immigrant mothers in crime fiction, Jordi Sierra i Fabra, "Barrios altos", "A High-End Neighborhood", criminal mothers, criminal mother narrative


With the ongoing financial crisis and the influx of refugees and other migrant communities in Spain, the "immigrant problem," combined with a narrative that reflects upon the economic crisis, has become a focal point for numerous genres, including that of crime fiction. While the immigrant narrative has been mostly presented from the vantage point of the autochthonous community, recent contributions to migrant literature in Spain have refocalized this perspective, and privilege the immigrant’s plight to evoke the reader’s empathy. This article examines how Jordi Sierra i Fabra’s 2013 “Barrios altos” (“A High-End Neighborhood,” 2011) problematizes the representation of the immigrant mother in contemporary Spanish crime literature. By exploring how and why the Filipino maid, Felipa, is criminalized in Sierra i Fabra's short story, this article argues that Sierra i Fabra combines a narrative of criminalization with a revenge narrative to complicate our reading of the immigrant mother, a character that cannot be read as a criminal unless she is understood as a victim as well. The immigrant mother’s hybrid condition in Sierra i Fabra’s short story signifies a transformation of the mother in crime fiction by presenting a character type that transgresses the border between victimhood and criminality due to a heightening in her maternal vulnerability.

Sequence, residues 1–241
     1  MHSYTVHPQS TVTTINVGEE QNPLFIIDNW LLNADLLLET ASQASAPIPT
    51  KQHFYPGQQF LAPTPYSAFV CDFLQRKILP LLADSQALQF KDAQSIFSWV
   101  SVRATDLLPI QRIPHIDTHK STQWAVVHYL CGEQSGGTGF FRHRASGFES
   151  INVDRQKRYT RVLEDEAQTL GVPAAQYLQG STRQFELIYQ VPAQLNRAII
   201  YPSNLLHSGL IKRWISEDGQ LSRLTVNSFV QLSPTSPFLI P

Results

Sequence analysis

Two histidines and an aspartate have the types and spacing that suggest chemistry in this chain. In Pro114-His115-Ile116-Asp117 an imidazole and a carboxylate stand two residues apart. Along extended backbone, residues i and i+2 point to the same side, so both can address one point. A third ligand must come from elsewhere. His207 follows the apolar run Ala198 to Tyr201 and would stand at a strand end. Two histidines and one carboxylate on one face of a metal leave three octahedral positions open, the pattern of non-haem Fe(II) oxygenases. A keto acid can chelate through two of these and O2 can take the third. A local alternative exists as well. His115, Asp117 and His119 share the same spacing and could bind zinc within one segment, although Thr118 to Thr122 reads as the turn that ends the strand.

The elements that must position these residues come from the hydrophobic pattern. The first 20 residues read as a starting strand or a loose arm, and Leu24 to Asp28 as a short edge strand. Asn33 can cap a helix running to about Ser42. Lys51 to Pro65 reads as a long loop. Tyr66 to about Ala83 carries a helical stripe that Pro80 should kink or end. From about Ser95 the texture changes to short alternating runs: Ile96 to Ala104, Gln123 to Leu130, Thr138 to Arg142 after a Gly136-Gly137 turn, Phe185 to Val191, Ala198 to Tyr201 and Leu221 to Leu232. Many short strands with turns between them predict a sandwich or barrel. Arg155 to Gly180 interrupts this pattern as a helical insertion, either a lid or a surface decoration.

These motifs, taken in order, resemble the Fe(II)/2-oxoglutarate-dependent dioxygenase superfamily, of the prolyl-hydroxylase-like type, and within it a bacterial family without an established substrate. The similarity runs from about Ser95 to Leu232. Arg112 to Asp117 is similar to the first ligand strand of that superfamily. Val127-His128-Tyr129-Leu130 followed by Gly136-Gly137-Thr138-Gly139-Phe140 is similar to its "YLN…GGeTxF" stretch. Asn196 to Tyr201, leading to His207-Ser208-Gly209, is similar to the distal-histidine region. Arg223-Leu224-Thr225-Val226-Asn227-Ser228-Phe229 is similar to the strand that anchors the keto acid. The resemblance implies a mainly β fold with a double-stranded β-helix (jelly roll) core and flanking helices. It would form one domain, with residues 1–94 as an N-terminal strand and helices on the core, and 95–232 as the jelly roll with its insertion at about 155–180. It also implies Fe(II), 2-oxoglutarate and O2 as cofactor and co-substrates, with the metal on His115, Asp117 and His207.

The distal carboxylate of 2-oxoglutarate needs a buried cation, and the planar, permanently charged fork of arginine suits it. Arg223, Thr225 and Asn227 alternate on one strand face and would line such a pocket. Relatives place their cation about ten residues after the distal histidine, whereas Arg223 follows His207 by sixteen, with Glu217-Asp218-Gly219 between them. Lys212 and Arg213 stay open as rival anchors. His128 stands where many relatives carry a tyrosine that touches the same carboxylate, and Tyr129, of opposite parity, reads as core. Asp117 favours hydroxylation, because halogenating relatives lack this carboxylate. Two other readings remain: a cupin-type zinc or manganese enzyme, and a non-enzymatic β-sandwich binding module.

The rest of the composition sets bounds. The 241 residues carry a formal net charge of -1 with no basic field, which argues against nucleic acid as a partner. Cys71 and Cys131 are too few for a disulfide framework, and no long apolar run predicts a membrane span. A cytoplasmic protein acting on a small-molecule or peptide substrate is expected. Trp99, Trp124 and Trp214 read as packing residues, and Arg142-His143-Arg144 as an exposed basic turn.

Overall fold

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Creative Commons Attribution-Noncommercial-No Derivative Works 4.0 License
This work is licensed under a Creative Commons Attribution-Noncommercial-No Derivative Works 4.0 License.